As an employer, you are legally responsible for the conduct of your employees during employment, unless you can demonstrate you took reasonable steps to prevent the conduct occurring. Therefore, you must set clear expectations with your employees on their behaviour and conduct at work. Three key employment policies that your business should have include:

  1. work health and safety policies;
  2. anti-discrimination, harassment and bullying policies; and
  3. IT policies.

This article will explain what each of these policies covers and what you need to look out for to ensure your business is protected.

Work Health and Safety Policy

Businesses have statutory obligations to comply with work health and safety (WHS) legislation. Here, you must ensure the health and safety of your: 

  • employees;
  • contractors; and
  • visitors. 

Employees and ‘officers’ of a business also have their own obligations. Some crucial provisions to include in a WHS Policy include outlining:

  • the employer’s obligations;
  • workers’ obligations;
  • officers’ obligations;
  • risk management procedures;
  • how to deal with dispose of hazardous chemicals;
  • how to report hazards;
  • injury and incident recording procedures;
  • first aid procedures; and
  • emergency preparedness.

Anti-Discrimination, Harassment and Bullying Policy

Businesses have duties to protect employees from workplace: 

  • discrimination;
  • harassment; and
  • bullying.

You should make sure that your business has a policy which sets out very clear expectations around discrimination, harassment and bullying. Within this policy, it is crucial that you define what each of those terms means in the workplace and then implement those standards.

The policy has to be detailed enough for the employee to understand what is appropriate in the workplace.

Policies Need to Be Specific

A landmark court case considered the technical requirements that you must include in a harassment policy for it to be effective. In this case, the court held that a female employee had been sexually harassed by her male co-worker and that the employer was legally responsible for its employee’s behaviour. This was because the workplace had not taken all reasonable steps to prevent sexual harassment from occurring.

The employer had provided its employees with a code of ethics which prohibited sexual harassment. However, it did not outline to employees that sexual harassment was unlawful. Employees were required to carry out online sexual harassment training every two years.

The reason the policy was deemed to not be effective was that national sexual harassment guidelines suggested that employers include a statement in their sexual harassment policies telling employees that:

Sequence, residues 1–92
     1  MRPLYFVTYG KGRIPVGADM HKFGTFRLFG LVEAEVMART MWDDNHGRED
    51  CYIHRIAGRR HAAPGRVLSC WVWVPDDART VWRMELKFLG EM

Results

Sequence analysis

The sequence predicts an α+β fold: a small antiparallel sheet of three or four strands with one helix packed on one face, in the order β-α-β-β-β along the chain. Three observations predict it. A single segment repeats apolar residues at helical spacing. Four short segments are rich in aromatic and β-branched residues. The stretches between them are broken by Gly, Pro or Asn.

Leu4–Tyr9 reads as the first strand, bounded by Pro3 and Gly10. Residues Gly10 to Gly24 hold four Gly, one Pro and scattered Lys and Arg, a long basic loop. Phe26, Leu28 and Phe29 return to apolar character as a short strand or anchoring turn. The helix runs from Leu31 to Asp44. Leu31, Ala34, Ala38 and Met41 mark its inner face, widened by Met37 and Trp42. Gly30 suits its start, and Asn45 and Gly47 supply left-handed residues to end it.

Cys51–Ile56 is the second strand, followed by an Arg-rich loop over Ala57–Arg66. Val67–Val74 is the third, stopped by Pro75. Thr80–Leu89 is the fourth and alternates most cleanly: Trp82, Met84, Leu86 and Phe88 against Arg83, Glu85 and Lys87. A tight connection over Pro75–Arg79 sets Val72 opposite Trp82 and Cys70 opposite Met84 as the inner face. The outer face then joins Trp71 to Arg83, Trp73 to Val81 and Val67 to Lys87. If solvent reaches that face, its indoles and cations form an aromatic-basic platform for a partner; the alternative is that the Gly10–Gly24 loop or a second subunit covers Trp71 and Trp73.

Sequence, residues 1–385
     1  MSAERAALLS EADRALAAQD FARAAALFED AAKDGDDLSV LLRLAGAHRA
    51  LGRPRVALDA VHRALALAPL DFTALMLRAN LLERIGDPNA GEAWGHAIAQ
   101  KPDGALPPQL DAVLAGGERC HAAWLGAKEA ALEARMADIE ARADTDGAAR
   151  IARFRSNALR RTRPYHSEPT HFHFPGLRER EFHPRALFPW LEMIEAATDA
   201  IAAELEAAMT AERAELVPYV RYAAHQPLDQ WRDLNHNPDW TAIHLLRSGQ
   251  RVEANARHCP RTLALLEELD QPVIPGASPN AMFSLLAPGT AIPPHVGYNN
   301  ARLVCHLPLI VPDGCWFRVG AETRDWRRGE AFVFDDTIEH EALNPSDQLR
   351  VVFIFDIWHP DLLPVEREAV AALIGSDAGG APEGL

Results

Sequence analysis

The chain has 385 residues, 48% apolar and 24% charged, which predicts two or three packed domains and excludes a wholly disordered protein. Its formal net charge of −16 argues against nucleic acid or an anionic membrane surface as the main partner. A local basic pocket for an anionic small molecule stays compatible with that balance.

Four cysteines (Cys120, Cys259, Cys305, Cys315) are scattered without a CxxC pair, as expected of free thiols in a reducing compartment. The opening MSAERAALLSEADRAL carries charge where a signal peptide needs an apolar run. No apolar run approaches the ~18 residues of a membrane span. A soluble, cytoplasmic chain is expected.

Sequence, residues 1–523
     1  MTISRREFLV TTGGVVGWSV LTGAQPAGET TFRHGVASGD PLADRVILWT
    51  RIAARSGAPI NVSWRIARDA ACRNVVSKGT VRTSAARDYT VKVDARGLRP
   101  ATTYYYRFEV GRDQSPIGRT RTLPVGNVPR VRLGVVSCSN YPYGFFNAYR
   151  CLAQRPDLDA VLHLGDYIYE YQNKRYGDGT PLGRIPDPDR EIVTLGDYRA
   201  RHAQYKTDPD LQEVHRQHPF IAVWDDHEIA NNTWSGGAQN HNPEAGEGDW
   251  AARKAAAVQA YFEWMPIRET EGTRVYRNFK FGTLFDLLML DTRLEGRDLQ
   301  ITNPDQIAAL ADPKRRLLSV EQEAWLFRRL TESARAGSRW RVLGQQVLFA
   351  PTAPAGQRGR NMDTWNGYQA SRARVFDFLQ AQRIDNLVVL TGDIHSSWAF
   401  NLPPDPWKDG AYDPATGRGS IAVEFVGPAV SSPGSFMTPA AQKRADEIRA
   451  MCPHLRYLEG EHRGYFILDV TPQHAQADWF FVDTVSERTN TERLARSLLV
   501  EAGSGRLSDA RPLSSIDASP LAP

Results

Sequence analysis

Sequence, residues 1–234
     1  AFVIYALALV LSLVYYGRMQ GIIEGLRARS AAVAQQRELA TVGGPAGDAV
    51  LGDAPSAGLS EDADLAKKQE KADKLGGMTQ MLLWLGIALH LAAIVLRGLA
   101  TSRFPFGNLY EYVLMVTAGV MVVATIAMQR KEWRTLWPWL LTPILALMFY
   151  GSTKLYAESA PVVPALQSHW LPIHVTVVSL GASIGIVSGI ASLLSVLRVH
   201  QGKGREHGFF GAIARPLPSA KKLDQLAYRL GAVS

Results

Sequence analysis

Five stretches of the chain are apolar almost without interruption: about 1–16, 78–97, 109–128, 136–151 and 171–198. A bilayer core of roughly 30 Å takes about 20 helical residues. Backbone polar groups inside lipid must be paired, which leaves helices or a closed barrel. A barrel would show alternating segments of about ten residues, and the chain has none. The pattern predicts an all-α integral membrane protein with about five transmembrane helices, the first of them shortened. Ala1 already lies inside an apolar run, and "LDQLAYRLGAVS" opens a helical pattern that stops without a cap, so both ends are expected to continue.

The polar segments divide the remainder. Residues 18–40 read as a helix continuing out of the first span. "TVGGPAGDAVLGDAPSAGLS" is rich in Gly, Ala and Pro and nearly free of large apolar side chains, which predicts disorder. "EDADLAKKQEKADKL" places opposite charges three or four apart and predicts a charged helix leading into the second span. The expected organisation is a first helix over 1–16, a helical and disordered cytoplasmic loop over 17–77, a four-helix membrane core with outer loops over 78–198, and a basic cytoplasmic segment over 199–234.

• sexual harassment is against the law; and 
  • employers may be legally responsible for the sexual harassment perpetrated by an employee.

The judge also held that a harassment policy is not going to be effective if it does not actually include the legislation under which harassment is prohibited.

How to Protect Your Business From Harassment Claims

To protect your business and avoid a successful claim being made, you must take all reasonable steps to prevent harassment from occurring in your workplace. To do this, you should:

  • have an anti-discrimination, harassment and bullying policy;
  • carry out regular training around harassment awareness;
  • ensure this training aligns with harassment laws; and
  • swiftly investigate any complaints and take appropriate action to address any incidents.

IT Policy

An IT policy will outline how employees are expected to use: 

  • their email;
  • the company’s IT systems;
  • the internet; and 
  • social media.

For example, you may want to regulate what your employees post about the business on social media. Alternatively, you may want to prevent employees from sending out spam or junk emails.

One of the most important provisions of the policy is how the business is allowed to surveil your employees’ use of IT. Different states have different legislation on how the business can carry out surveillance. New South Wales (NSW), Victoria (VIC) and the Australian Capital Territory (ACT) all have their own targeted surveillance legislation. 

In NSW, you must provide 14 days’ notice to the employee prior to starting any surveillance, or let them know about it before they commence employment. The ACT has similar provisions.

In NSW, you must indicate:

  • the kind of surveillance you will carry out;
  • how you will carry out the surveillance; 
  • when the surveillance starts;
  • whether the surveillance will be continuous or intermittent; and
  • whether the surveillance will be for a specified period or ongoing.

VIC has older surveillance legislation which predominantly deals with the unlawful monitoring and recording of staff using video and audio devices. 

Key Takeaways

To protect your business against any legal action from employees, you must have detailed and up-to-date employment policies which show you take reasonable steps to prevent conduct occurring. Three key policies include an:

  • IT policy;
  • work health and safety policy; and
  • anti-discrimination, harassment and bullying policy.

If you have any questions about these policies or would like to have one drafted, contact LegalVision’s employment lawyers on 1300 544 755 or fill out the form on this page.

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